- Frequent firmware releases: Asus regularly pushes out new firmware updates to improve its routers. For the most part, this is a good thing. However, once in a while, new firmware can cause issues. In this case, you should downgrade the router to the previous stable version and wait for the next release. (Asus routers don’t auto-update firmware by themselves.)
In short, as a standalone router, you likely can expect the GT-AXE11000 to deliver everything collectively found in previous Asus routers and more.
ROG GT-AXE11000: Detail photos
The GT-AXE11000 is a massive Wi-Fi machine. It’s slightly larger than the GT-AX11000.
It’s a Wi-Fi 6 router at the core
It’s important to note that the GT-AXE11000 is first and foremost a Wi-Fi 6 router.
That said, it comes with all the benefits of this standard, including Target Wake Time and the combo of OFDMA and MU-MIMO technology.
But Wi-Fi 6E does require new hardware. So if you intend to enjoy this new router’s 6GHz frequency band, it’s time to upgrade your machine to a supported adapter.
Will it be good for AiMesh?
As a new Asus router, the GT-AXe11100 sure will support the popular AiMesh feature. The question is how well, and we’ll find out soon when I’m done with testing.
One thing is for sure, though. Since the router has three different bands — it’s a traditional tri-band router — you can’t use one of them as the dedicated backhaul. That’s because you need all three to make sure the router is compatible with all clients, new and old.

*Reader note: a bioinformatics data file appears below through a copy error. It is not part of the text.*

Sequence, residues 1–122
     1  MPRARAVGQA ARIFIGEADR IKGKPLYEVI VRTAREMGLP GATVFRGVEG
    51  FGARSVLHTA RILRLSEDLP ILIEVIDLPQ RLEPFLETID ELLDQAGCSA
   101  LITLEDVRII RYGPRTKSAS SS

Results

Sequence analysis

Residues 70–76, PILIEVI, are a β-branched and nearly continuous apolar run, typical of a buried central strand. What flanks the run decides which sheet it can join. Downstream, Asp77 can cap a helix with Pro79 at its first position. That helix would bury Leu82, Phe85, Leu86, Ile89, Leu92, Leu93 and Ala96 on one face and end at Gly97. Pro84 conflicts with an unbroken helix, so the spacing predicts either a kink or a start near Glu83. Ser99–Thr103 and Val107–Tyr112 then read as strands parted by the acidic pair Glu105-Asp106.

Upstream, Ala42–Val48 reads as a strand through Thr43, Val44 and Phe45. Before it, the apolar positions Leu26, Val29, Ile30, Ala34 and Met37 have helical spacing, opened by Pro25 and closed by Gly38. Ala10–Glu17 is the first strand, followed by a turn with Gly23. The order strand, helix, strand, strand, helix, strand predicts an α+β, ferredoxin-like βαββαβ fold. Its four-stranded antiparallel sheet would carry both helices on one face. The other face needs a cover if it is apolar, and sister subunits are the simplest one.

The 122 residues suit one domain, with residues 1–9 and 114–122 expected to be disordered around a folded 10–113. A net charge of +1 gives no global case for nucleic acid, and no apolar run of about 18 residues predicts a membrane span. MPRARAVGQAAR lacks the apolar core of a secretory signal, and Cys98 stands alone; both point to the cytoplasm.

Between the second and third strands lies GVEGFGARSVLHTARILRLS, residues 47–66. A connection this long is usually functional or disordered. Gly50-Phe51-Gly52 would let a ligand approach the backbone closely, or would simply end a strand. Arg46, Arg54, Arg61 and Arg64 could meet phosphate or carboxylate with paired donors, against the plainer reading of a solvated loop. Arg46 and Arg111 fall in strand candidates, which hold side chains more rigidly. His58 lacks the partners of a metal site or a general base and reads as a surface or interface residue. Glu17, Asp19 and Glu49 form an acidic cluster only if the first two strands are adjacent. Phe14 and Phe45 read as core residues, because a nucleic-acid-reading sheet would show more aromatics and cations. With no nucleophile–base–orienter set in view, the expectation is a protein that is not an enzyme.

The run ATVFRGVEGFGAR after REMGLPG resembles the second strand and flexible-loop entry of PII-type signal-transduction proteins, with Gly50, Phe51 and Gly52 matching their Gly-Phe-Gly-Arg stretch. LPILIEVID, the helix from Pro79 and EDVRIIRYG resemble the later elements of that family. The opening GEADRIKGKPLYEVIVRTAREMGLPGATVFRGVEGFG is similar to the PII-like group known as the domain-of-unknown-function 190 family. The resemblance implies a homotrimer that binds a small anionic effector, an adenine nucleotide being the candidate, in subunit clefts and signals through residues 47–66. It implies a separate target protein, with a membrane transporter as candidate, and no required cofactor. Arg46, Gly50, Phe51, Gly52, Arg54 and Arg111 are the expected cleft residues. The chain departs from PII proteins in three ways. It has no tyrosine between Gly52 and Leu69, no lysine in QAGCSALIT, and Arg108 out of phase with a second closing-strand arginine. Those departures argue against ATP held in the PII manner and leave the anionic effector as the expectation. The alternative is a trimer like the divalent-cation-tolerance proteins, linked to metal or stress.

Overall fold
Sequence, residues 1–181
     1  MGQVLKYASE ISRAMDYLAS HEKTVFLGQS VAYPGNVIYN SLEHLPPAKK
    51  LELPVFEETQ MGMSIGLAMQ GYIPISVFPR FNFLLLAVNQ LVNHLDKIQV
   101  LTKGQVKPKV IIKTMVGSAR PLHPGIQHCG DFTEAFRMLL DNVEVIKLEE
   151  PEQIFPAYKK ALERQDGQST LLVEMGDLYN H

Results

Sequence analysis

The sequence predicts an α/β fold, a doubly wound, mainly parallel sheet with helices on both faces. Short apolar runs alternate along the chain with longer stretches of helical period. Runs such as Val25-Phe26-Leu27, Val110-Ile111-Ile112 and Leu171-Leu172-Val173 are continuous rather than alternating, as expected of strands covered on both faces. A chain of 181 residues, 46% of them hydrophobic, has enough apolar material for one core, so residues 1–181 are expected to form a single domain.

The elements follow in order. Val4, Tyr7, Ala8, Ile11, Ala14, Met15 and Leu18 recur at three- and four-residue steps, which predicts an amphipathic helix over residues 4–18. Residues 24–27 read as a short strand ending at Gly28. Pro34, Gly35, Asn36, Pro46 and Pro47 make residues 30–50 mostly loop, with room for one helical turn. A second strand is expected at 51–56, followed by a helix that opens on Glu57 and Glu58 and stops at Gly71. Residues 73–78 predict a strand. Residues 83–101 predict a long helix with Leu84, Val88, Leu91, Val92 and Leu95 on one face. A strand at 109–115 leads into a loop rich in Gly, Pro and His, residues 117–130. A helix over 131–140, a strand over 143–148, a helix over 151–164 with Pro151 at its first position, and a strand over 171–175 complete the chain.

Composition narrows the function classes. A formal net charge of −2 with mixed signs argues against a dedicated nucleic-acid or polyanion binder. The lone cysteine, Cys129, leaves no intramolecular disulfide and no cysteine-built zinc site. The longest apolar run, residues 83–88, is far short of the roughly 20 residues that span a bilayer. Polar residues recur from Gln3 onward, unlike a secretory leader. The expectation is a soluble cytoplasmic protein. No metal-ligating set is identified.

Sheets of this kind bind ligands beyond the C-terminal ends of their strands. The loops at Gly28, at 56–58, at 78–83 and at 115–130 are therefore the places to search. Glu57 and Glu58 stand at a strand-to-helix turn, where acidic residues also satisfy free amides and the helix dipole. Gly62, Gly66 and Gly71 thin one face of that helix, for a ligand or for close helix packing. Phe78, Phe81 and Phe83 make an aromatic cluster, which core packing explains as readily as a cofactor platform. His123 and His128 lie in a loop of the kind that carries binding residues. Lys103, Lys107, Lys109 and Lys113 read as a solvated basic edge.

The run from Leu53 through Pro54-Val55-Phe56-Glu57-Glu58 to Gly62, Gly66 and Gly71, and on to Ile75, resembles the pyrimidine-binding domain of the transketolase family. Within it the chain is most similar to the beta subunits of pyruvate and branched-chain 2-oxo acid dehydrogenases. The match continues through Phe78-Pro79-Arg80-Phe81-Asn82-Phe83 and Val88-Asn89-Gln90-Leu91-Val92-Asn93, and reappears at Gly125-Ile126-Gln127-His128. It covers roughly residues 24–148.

Also, chances are you can’t use its 6GHz band for backhaul unless you get multiple units. That’s because, in this case, the router won’t work with any other AiMesh routers (as nodes.)
Finally, the GTE-AXE11000, for sure, will work with wired backhaul. In this case, it’s going to be interesting to find out if you can use its 2.5Gbps port for this purpose. (So far, you can’t do that with existing AiMesh routers with a Gigabit WAN port when working as a node.) And if that’s not possible, well, your Wi-Fi 6E AiMesh system will still cap at 1Gbps.
So it seems this new router suits better those needing just a single broadcaster in their home.
The most expensive Asus router to date
And that’s a good thing because GT-AXE11000 is not cheap.
Today, it’s officially available as a pre-order for a whopping $550 — the most expensive Asus router to date. You can probably get your hands on it before this month is out. By then, though, chances are there’ll be more choices from other networking vendors.
Again, bookmark this post and check back (relatively) soon for its full review that answers all the questions above and many more juicy details.